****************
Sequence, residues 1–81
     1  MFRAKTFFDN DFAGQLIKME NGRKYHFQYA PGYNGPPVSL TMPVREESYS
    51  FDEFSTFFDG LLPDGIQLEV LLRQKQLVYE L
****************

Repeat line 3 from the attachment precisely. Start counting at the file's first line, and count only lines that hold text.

    51  FDEFSTFFDG LLPDGIQLEV LLRQKQLVYE L